Reducing the intake of sodium in your diet can help decrease blood pressure as well as risks associated with cardiovascular diseases. It is important to know that sodium doesn’t just come from salty snacks but from a large number of packaged and processed foods like pizzas, sandwiches, cold cuts, burritos, processed chicken, chips, pretzels etc. Eating less packaged and processed food, reading labels to check the sodium content, and eating meals at home which include grains, vegetables, fruits can reduce systolic blood pressure. The WHO recommends limiting sodium intake to about 2 g per day.
4. Go easy on the alcohol
Alcohol consumption increases blood pressure by as much as about 1 mm Hg for every 10 g of alcohol consumed. The good news is that it can be reversed by 2-4 weeks of abstinence. However, people can drink in moderation—less than two drinks a day for men and less than a drink a day for women.
Alcohol consumption increases blood pressure by as much as about 1 mm Hg for every 10 g of alcohol consumed. The good news is that it can be reversed by 2-4 weeks of abstinence.
5. Stop smoking
Cigarette smoking is detrimental to cardiovascular health; it can increase the formation of plaque in blood vessels and is a major risk factor for coronary heart disease. Excessive smoking can lead to an acute increase in BP and is associated with malignant hypertension. There is no safe limit for smoking. For BP patients, it is safest to quit altogether.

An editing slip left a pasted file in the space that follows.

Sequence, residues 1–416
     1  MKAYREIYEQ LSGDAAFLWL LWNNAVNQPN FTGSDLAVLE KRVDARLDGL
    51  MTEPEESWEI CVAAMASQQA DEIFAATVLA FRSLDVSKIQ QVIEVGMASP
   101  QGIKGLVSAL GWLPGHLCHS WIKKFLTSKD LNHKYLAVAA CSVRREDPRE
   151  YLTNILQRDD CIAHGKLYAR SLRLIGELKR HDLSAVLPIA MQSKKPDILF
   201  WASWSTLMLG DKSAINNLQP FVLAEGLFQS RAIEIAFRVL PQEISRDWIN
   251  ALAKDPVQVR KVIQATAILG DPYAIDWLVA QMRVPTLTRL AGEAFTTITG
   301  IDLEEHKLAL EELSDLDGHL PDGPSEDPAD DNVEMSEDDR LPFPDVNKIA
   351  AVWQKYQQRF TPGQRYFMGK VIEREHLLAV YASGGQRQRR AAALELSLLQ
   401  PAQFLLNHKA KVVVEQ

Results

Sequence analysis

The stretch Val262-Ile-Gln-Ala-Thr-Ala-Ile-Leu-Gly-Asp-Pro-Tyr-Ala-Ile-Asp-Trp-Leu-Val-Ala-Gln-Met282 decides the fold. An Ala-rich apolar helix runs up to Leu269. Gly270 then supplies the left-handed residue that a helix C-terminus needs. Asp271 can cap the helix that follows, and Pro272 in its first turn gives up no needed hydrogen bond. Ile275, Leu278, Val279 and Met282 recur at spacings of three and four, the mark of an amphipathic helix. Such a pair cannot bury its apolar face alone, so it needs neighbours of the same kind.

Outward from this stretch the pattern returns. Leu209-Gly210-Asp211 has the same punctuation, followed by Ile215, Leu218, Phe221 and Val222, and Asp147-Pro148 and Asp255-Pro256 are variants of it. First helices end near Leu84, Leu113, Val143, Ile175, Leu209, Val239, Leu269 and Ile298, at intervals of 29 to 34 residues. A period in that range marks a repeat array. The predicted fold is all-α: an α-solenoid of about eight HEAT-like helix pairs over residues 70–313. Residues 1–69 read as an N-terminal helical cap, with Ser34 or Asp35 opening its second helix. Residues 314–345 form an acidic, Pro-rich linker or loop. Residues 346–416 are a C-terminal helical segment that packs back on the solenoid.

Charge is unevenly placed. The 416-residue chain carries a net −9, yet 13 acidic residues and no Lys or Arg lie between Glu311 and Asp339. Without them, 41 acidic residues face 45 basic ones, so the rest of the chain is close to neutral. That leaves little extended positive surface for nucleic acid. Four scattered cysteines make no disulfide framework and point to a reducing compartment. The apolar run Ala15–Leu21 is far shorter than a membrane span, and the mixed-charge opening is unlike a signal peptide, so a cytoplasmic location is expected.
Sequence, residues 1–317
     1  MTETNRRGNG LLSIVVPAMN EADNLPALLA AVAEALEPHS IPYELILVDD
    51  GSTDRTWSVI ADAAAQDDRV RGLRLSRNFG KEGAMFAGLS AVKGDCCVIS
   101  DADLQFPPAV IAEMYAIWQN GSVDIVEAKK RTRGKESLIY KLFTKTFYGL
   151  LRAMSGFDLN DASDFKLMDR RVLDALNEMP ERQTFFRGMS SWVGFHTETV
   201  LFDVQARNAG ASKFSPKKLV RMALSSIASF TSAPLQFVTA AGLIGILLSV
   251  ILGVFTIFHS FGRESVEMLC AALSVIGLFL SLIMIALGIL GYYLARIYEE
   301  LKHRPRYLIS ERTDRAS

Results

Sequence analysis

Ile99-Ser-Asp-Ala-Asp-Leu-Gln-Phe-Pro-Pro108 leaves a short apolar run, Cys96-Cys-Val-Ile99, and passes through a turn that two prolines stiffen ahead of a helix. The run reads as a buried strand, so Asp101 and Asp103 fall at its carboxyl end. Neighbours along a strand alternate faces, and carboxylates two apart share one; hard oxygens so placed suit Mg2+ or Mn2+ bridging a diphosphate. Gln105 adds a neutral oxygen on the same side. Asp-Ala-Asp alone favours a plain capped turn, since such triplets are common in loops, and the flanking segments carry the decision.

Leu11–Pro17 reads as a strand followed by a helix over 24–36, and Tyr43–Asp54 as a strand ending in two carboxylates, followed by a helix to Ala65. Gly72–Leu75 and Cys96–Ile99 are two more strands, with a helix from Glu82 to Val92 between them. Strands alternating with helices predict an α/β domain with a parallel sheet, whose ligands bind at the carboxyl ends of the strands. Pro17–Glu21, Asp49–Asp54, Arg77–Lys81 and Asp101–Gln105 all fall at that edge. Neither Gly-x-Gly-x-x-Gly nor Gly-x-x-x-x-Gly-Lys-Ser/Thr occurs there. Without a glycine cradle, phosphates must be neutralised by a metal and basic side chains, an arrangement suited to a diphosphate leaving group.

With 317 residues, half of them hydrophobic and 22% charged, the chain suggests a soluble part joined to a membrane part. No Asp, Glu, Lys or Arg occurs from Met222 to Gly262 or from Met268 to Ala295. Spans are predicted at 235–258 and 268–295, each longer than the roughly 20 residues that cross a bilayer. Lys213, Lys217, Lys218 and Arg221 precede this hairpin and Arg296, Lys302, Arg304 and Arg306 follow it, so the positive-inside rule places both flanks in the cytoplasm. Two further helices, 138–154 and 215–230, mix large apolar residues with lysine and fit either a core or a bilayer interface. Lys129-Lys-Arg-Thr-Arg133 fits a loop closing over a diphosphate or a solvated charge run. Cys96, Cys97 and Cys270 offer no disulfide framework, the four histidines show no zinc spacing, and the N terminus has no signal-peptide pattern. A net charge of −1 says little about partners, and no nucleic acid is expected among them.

Cutting down on sugary and high carb foods, eating calcium, magnesium, and potassium-rich foods, which help your blood vessels relax, and cutting down on caffeine are also helpful in managing hypertension. However, lifestyle changes aren’t enough for all patients who need to supplement these with medication.
Here is a short video from British Heart Foundation that takes you through the basics of measuring your blood pressure at home.
- Hypertension screening, awareness, treatment, and control in India: A nationally representative cross-sectional study among individuals aged 15 to 49 years – Jonas Prenissl, Jennifer Manne-Goehler, Lindsay M. Jaacks, Dorairaj Prabhakaran, Ashish Awasthi, Anne Christine Bischops, Rifat Atun, Till Bärnighausen, Justine I. Davies, Sebastian Vollmer, Pascal Geldsetzer
- Hypertension: The Silent Killer – Indian Council of Medical Research, Department of Health Research – Ministry of Health & Family Welfare, Government of India.
- 2017 Guideline for the Prevention, Detection, Evaluation, and Management of High Blood Pressure in Adults – American College of Cardiology
- Aerobic Exercise Reduces Blood Pressure in Resistant Hypertension – Fernando Dimeo, Nikolaos Pagonas, Felix Seibert, Robert Arndt, Walter Zidek, Timm H. Westhoff
- Association Between Smoking and Blood Pressure, Evidence From the Health Survey for England – Paola Primatesta, Emanuela Falaschetti, Sunjai Gupta, Michael G. Marmot, and Neil R. Poulter
- Alcohol is bad for blood pressure –Ian B Puddey Lawrence J Beilin
- Sodium Intake and Hypertension – Andrea Grillo,1 Lucia Salvi, Paolo Coruzzi, Paolo Salvi, and Gianfranco Parati